Anna Konik releases her new film [17.03.22]
On behalf of Anna Konik we wish to share and cordially invite you, especially those who are in the UK or Ireland, to the world premiere of Konik's new film Silence Heard Loud, which will open the London Human Rights Watch Film Festival on March 17. To purchase tickets and read more about the film, click here.
In Silence Heard Loud we meet seven individuals from six countries who journeyed to the UK in search of safety - fleeing from war, terrorism, ethnic hatred, persecution and domestic violence. But the issues now facing Angela, Janahan, Merwa, Michael, Mohamed, Nirmala, and Selamawit are complex: endless asylum procedures with no permission to work, uncertainty about their futures, and the loneliness of longing for family and home. After many years of integrating into their new local communities and rebuilding their lives, their futures are still under threat. At any moment, the UK Home Office could force them to leave their lives and the relationships they have forged. This artfully crafted film is a reminder of the struggles facing members of our community, and the continued fight for refugees to find freedom and dignity as they navigate the British asylum system.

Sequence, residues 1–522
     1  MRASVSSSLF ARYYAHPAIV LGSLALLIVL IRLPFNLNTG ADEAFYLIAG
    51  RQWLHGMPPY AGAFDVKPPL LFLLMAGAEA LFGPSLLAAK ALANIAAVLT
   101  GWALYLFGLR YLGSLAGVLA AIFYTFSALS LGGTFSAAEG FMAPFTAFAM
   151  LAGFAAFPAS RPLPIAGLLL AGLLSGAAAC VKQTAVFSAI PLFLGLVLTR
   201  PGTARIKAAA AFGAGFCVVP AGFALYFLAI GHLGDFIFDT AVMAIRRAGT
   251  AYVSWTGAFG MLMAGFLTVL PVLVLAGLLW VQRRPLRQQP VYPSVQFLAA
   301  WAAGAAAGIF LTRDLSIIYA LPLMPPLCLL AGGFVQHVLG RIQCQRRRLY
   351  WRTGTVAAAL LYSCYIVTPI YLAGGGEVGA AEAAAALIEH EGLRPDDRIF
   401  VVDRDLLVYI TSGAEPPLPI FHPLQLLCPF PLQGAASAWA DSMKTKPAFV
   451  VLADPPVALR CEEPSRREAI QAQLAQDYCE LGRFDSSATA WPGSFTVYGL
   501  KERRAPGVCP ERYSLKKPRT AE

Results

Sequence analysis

'I was always hoping for a world where everyone is a citizen of the world and appreciated for what they do and who they are.... [Yet] wherever I go they’re like: ‘This isn’t your home, you’re not our colour, you’re not our nationality, you’re not our culture.’' - Merwa Zen, Film Participant, Silence Heard Loud
From the text 'Let Them Become Part of My Experience' by Lukasz Kropiowski (art historian, curator of the Contemporary Art Gallery in Opole): 'Anna Konik's latest film entitled Silence Heard Loud teaches us the rudiments of how to look and listen. You only see if you watch diligently, and you only hear if you listen attentively. The ability to truly listen to and really see the Other as an individual, to recognise each of them as a person with a unique history, is the only chance to cross the invisible barriers of stereotypes, prejudices and exclusion which hamper the development of empathy and kindness'.
From the text 'Open Walls Like a Silenced Hear' by Stewart Motha (Professor of Law, Birbeck, University of London): 'The film features movement as a means of bearing the weight of silence. Moving underground and emerging into the liminal space of railway stations enables the viewer to experience the sense of coming through to another time and place. These traversals of space and the sounds of moving trains position silences to enable narratives of pain and suffering to emerge. Throughout the film there is palpable sense of the struggle to represent what is walled-up in silence; to open the possibility of accessing what silence carries and conveys'.